Virginia Workers’ Compensation: What to Know If You are Filing a Claim

Workers’ compensation lets you recover from a workplace accident without risking your life further. However, some employers may not cooperate and refuse to provide an injured worker with the resources necessary to protect their health. Thankfully, attorneys from the Injured Workers Law Firm know your rights. They are prepared to help you fight for the compensation you are entitled to following an on-the-job accident. Whether your workers’ comp claim has been denied or given the support that is not enough to cover your losses, you can turn to a reliable workers’ comp attorney for guidance. 

Important Things to Know About Virginia Workers’ Compensation

Under Virginia’s worker’s comp laws, employers should get workers’ comp insurance that covers their workers who might sustain job-related injuries. Also, the laws prohibit injury laws that workers may file against employers and workers. This is to minimize the social costs related to workplace injuries. But workers’ comp insurance compensates injured workers only up to a particular statutory maximum. Usually, such a maximum does not cover the costs related to an injury such as medical bills and lost wages. In addition, workers’ comp insurance doesn’t cover pain and suffering damages. Thankfully, some exceptions apply to the statutory prohibition of injury lawsuits associated with work-related injuries.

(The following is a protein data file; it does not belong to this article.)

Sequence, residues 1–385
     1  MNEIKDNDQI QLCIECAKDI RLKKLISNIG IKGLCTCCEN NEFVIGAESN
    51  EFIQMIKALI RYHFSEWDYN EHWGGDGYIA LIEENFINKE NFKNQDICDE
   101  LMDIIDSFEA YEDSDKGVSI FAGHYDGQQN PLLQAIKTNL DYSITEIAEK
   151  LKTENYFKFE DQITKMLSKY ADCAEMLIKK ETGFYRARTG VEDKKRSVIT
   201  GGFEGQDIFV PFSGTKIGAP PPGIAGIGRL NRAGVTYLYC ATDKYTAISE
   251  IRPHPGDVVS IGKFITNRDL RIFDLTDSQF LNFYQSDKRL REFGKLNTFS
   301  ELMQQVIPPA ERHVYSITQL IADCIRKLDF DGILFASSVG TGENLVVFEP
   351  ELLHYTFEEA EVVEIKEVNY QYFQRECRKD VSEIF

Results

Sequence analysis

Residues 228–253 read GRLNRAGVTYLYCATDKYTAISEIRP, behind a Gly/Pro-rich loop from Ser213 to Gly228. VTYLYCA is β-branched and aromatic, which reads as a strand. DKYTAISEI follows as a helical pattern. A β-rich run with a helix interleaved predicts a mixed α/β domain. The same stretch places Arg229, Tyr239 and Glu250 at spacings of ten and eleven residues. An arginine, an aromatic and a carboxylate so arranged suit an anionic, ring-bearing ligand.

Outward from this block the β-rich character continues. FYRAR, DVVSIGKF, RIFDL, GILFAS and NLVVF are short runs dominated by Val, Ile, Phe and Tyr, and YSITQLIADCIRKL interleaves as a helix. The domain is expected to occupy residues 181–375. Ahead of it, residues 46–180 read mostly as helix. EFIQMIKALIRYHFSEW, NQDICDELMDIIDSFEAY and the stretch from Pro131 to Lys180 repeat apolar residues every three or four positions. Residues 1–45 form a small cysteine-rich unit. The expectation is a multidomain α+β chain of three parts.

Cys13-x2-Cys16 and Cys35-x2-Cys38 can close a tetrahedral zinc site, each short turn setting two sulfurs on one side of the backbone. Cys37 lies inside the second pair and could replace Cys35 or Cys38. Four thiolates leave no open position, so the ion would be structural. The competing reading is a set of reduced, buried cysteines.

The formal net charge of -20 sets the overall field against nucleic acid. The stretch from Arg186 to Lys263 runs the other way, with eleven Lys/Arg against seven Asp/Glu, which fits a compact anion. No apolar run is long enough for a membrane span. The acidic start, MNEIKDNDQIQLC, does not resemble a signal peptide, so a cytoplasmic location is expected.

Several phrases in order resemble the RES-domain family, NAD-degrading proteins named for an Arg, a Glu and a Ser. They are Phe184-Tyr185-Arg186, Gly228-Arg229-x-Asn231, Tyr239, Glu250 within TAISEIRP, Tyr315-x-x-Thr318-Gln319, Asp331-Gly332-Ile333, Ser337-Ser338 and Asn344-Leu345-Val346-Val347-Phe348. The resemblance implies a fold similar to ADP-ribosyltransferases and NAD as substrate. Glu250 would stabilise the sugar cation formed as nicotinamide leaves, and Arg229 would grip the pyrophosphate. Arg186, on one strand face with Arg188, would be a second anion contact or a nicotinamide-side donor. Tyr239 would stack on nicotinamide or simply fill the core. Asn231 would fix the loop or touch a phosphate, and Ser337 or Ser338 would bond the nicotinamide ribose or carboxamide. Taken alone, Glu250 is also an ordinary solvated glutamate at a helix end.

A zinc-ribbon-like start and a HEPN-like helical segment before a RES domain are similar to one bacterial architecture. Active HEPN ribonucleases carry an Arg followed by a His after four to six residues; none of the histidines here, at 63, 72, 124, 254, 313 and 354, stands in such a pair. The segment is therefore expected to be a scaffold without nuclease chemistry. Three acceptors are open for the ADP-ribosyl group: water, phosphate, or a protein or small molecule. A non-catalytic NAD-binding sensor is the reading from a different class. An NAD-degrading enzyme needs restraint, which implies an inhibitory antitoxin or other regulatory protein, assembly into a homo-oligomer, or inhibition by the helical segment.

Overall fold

How to Pursue Workers’ Compensation

Workers’ compensation insurance provides benefits to workers injured due to a workplace accident, an occupational disease, and an ordinary disease that result from employment conditions. Those who meet such criteria can file a claim. Those who are unsure about their qualification should request an evaluation from their attorney. Once you have filed a workers’ comp claim, there is a seven-day waiting period after you submit the claim to the Virginia Workers’ Compensation Commission. 

What Compensation Can You Get

The compensation you might receive depends on your injuries. If you suffered from a permanent partial disability, you may be entitled to get 2/3 of your weekly wage for a particular number of weeks. This compensation is further calculated according to the number of weeks set for your disability. 

Also, medical expenses associated with your injury are covered. Special provisions are established for rehab and cost-of-living supplements. But these supplements only apply if workers’ comp and social security are less than 80 percent of your monthly wage. 

After sustaining a work-related injury or illness, you have the right to seek financial support. If you have difficulty getting the compensation you are entitled to, you should contact a workers’ comp attorney. 

Leave a Reply

Back to top button